How we tested Cisco's ASR

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We assessed Cisco ASR 1000 performance with tests of unicast and multicast throughput and latency; high availability features, including failover and upgrades; and IPSec tunnel capacity. A more detailed version of the test methodology is available here.

For everything except IPSec, the device under test was one Cisco ASR 1006 chassis equipped with one 10Gigabit Ethernet and 10 1-gigabit Ethernet interfaces; two ESP20 modules; and two RP1 route processor modules, all running Version 12.2(33)XNB2 of IOS XE software. The test instrument in all cases was Spirent TestCenter running Version 2.32 software.

In tests of unicast throughput and latency, we configured the router with 20 subinterfaces on each of 10 1-gigabit interfaces and five subinterfaces on the 10G Ethernet interface. Then we configured Spirent TestCenter to bring up 205 Open Shortest Path First (OSPF) adjacencies and advertise 320,000 routes – 100 apiece to the gigabit subinterfaces, and 60,000 apiece to each 10-gigabit subinterface. We offered external advertisements to the 10G subinterfaces (all in OSPF area 0) and NSSA advertisements (all in area 1) to the gigabit subinterfaces.

Once all the OSPF routing tables were populated, we offer bidirectional streams of 64-, 256- and 1,518-byte Ethernet frames in a backbone pattern, so that all gigabit subinterfaces offered traffic to all 10G subinterfaces and vice-versa. We used a binary search pattern to determine the throughput rate and, per RFC 2544, measured average and maximum latency at the throughput rate. We also determined whether any frames were delivered out of sequence. The duration for each test iteration was 300 seconds.

To assess multicast performance, we configured the Cisco ASR router to run PIM-SM to distribute multicast routes. We also configured Spirent TestCenter's 10G Ethernet port to transmit traffic to 200 multicast groups, each with 50 transmitting hosts per group, for a total of 10,000 multicast routes (mroutes). On the gigabit Ethernet side, Spirent TestCenter emulated one host on each of 20 subinterfaces per port, for a total of 200 emulated hosts. Each host used IGMPv3 to join all 200 multicast groups. Once all joins were complete and the multicast tree was fully populated, we offered 64-, 256- and 1,518-byte frames using a binary search pattern to find the throughput rate, and to measure average and maximum latency at that rate. As with the unicast tests, the test duration was 300 seconds.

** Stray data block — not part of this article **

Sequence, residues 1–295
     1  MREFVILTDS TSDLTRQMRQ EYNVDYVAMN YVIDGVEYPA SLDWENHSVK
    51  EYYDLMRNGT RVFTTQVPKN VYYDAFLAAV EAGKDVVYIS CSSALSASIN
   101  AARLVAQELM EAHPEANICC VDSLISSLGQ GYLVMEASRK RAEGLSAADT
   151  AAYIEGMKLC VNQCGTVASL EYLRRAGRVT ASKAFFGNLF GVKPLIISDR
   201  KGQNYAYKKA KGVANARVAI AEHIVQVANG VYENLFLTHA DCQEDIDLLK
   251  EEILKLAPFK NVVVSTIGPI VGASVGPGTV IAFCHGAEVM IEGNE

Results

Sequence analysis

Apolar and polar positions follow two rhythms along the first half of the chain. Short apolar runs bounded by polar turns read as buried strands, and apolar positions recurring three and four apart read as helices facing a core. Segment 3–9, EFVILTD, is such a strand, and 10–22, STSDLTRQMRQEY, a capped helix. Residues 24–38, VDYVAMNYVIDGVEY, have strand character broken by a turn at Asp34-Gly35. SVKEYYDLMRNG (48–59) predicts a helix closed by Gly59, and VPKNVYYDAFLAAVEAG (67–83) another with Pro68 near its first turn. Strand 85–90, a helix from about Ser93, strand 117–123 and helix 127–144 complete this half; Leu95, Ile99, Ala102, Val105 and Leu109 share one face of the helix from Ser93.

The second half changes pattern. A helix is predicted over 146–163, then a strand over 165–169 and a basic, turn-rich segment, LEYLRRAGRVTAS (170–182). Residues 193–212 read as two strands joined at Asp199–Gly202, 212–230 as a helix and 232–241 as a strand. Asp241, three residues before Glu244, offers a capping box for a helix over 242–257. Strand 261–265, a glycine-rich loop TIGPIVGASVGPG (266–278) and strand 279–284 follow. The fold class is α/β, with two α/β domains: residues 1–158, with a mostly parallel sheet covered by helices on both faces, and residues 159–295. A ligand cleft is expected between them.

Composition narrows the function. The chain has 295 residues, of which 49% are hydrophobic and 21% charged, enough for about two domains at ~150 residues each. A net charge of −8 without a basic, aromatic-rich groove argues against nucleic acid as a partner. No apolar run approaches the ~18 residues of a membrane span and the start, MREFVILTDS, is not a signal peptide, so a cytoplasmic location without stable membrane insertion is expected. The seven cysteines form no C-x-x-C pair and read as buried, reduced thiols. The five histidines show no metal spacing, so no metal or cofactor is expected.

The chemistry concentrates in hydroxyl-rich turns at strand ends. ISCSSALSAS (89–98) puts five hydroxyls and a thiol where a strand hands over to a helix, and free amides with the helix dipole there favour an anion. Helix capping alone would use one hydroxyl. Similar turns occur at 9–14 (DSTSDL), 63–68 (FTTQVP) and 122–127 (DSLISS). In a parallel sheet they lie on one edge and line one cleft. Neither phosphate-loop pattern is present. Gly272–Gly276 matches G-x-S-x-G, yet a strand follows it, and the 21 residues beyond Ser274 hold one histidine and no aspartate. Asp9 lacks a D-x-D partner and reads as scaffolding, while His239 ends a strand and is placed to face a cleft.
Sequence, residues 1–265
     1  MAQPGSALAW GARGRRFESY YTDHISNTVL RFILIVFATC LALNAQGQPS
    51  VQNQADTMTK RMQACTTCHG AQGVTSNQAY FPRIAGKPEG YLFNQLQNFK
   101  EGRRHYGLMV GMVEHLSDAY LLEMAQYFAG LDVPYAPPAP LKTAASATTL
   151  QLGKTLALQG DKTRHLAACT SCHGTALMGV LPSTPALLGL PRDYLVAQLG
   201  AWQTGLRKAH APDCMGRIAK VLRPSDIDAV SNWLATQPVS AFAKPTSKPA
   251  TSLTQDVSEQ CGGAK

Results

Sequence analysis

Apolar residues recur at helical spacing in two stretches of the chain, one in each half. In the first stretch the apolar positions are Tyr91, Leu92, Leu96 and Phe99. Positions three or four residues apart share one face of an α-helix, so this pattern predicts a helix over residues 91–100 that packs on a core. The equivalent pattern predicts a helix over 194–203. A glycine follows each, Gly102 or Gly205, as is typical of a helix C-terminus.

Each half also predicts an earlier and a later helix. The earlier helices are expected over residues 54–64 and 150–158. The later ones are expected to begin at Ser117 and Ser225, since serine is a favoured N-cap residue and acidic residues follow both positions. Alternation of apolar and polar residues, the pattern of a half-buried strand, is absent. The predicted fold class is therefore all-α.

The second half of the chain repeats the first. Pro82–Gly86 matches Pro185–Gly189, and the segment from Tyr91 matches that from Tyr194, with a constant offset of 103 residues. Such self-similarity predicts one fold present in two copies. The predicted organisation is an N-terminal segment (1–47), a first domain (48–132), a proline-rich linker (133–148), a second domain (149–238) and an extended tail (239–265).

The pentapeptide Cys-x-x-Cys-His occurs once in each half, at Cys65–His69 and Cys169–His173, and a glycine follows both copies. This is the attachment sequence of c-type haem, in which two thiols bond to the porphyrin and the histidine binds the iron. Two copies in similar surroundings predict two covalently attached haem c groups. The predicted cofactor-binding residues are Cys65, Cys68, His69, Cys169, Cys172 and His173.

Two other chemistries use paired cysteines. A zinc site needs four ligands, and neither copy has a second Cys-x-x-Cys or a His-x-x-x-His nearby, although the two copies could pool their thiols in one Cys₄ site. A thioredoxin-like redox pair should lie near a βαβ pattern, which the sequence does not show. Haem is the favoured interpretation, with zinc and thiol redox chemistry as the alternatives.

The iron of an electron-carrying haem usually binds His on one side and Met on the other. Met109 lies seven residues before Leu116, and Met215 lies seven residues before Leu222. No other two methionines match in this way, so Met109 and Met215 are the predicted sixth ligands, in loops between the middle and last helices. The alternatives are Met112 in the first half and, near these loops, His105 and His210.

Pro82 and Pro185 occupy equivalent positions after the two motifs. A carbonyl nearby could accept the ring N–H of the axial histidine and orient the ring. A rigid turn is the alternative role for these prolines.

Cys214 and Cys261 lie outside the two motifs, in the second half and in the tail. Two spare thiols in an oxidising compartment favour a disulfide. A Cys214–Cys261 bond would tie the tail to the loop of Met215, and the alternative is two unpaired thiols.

We assessed high availability and resiliency with four tests of route processor (RP) and embedded services processor (ESP) failover and in-service software upgrades and downgrades. The ASR router was equipped with redundant RP and ESP modules. To test failover of these components, we offered 64-byte unicast frames from Spirent TestCenter at the throughput rate and asked Cisco's engineer to administratively disable the primary module. In separate tests for the RP and ESP, we noted any packet loss and derived failover time from this figure.

To test in-service software upgrades and downgrades, we moved all system components between version 12.2(33)XNB1 and 12.2(33)XNB2 of the IOS XE software, all while offering 64-byte frames at 50% of the throughput rate (we were unable to complete testing with traffic offered at the throughput rate). Again, we derived failover time by dividing packet loss counts into the offered packet rate.

In the IPSec tunnel capacity tests, we used two ASR 1006 routers, each with a single ESP20 module and redundant RP1 modules, linked via a Cisco Catalyst 7604 switch (required to set up different routes for each tunnel). The IPSec tunnel endpoints were the 10G Ethernet interfaces facing the Catalyst 7600.

We configured Spirent TestCenter to offer a unidirectional stream of 64-, 256- and 1,400-byte frames to determine the throughput rate and measure average and maximum latency. In this case, all traffic went through 2,000 IPSec tunnels with unique security policy identifiers, something we verified with a packet capture. To demonstrate the Cisco routers' ability to handle a mix of encrypted and cleartext traffic, we then repeated these tests offering 64-byte frames to be encrypted at the throughput rate while concurrently offering 1,518-byte frames to travel as cleartext. We offered cleartext traffic in both directions to consume as much bandwidth as possible and again measured throughput and average and maximum latency.

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